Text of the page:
A little more than a week ago the BBC issued an apology. It had described its new chairman, Samir Shah, as the first such appointment from an ethnic-minority background. Now it wanted to make clear that he was not the first, because his predecessor, Richard Sharp had been Jewish. Michael Grade wasn’t mentioned.
The apology attracted criticism. First, from the former Labour MP Denis MacShane who described it as “odd”. He added: “Are Jews in UK defined as an ethnic minority not by religion? Does a non-observant Jew get tagged as ‘ethnic’?”
The respected journalist Michael Crick then joined in: “It was quite a bizarre apology, and I suspect the BBC will have to apologise for its apology. If we now include Jewish people among ethnic minorities then we are going to have to revise all our stats about ethnic minorities — in BBC staff, universities, and my own @tomorrowsMPs [the record of party candidates he is keeping].”
I don’t think either of them had a malign motive, and they are both generally pretty acute, but the confusion they were expressing was nonetheless startling. And, to be fair to Crick, as he points out, not a confusion they are alone in suffering from.
There are two ways of answering them, both of which they were promptly informed of.
The first is historical. It is certainly the case that the issue of whether Jews are an ethnic group or just a religion was once debated by Jews themselves. German Jews before the war often asserted that Jews were simply German, and had a different faith rather than a different ethnicity than their compatriots.
I suspect this argument was used less because it was true (it very obviously wasn’t) than because asserting a different ethnicity would be suggesting Jews were foreign, disloyal and not fully German. It was in some small way a protection.
But the Holocaust made clear that arguing that Judaism was a religion rather than an ethnicity was no protection at all. It’s therefore been decades since Jews seriously advanced this case.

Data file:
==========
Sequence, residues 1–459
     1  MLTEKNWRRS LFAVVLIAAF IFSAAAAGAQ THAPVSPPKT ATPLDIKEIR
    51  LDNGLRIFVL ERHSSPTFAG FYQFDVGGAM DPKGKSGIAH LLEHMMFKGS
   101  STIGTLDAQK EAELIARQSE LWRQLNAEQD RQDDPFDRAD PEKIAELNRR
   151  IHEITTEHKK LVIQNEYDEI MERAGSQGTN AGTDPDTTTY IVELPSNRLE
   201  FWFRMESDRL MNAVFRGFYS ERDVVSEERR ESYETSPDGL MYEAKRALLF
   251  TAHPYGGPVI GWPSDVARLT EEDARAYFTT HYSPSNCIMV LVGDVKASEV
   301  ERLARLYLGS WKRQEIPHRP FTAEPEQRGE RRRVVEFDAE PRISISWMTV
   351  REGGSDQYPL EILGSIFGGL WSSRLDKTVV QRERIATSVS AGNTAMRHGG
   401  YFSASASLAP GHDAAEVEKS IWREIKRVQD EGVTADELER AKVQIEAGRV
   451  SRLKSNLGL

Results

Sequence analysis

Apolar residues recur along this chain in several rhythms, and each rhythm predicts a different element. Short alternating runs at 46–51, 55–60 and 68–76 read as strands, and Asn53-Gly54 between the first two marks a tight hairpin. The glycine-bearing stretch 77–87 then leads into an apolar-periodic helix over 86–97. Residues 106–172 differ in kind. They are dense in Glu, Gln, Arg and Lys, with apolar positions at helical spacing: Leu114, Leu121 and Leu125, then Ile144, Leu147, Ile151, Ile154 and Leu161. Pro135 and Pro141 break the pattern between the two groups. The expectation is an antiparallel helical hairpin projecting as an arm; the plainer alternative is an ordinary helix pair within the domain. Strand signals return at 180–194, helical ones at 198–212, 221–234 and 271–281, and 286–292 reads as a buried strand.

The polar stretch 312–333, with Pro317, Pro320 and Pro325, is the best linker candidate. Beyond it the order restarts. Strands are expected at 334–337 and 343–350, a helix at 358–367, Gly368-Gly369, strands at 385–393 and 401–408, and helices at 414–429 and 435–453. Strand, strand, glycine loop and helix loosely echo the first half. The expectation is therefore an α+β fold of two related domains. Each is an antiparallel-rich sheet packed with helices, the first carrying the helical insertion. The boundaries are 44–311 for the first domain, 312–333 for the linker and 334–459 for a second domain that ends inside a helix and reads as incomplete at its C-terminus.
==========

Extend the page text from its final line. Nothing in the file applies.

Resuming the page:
There has also been a more general change. It is now widely accepted that there is no contradiction between being part of an ethnic minority and being a fully patriotic national.
The second answer is legal. As lawyer and academic Dinah Rose pointed out, the Supreme Court in the case of R (E) v JFS ruled that Jews are an ethnic group as well as a religion. She added: “Many Jews are atheists. They share a common history, culture and other markers of shared ethnicity.”
She added that it was a surprise to her to discover that some senior politicians and journalists didn’t realise that.
Whether she is right to be surprised (I rarely am when I find that there is something about Jews that people don’t know), she is certainly correct to be concerned and to try to amend the record. This isn’t a semantic row or even a minor difference of opinion. It has serious political implications.
As David Baddiel has shown so brilliantly in his path-breaking Jews Don’t Count, prejudice against Jews is often simply dismissed. The real reason for this is that Jews are considered by progressives to be too powerful and wealthy to require protection.
But few people are ready to make this argument publicly. Instead, they just ignore altogether the Jewish claim to be considered an ethnic minority. Judaism is just a religion and its adherents are white people with a particular take on the almighty. And it isn’t possible, they then argue, to be racist against white people.
One of the great strengths of Baddiel’s book is his title. He points directly to the issue of whether Jews are considered an ethnicity at all, and our exclusion even from the data. He understands that this is crucial.
So the apology by the BBC was an important one and we shouldn’t let it go. We should insist on every occasion that Jews be included in data on ethnic minorities.
Excluding us from this data is an argument based on prejudice, an argument that asserts that we don’t need to be considered because Jews don’t suffer from “real” racism.
This is not an argument that we can accept.
Daniel Finkelstein is associate editor of The Times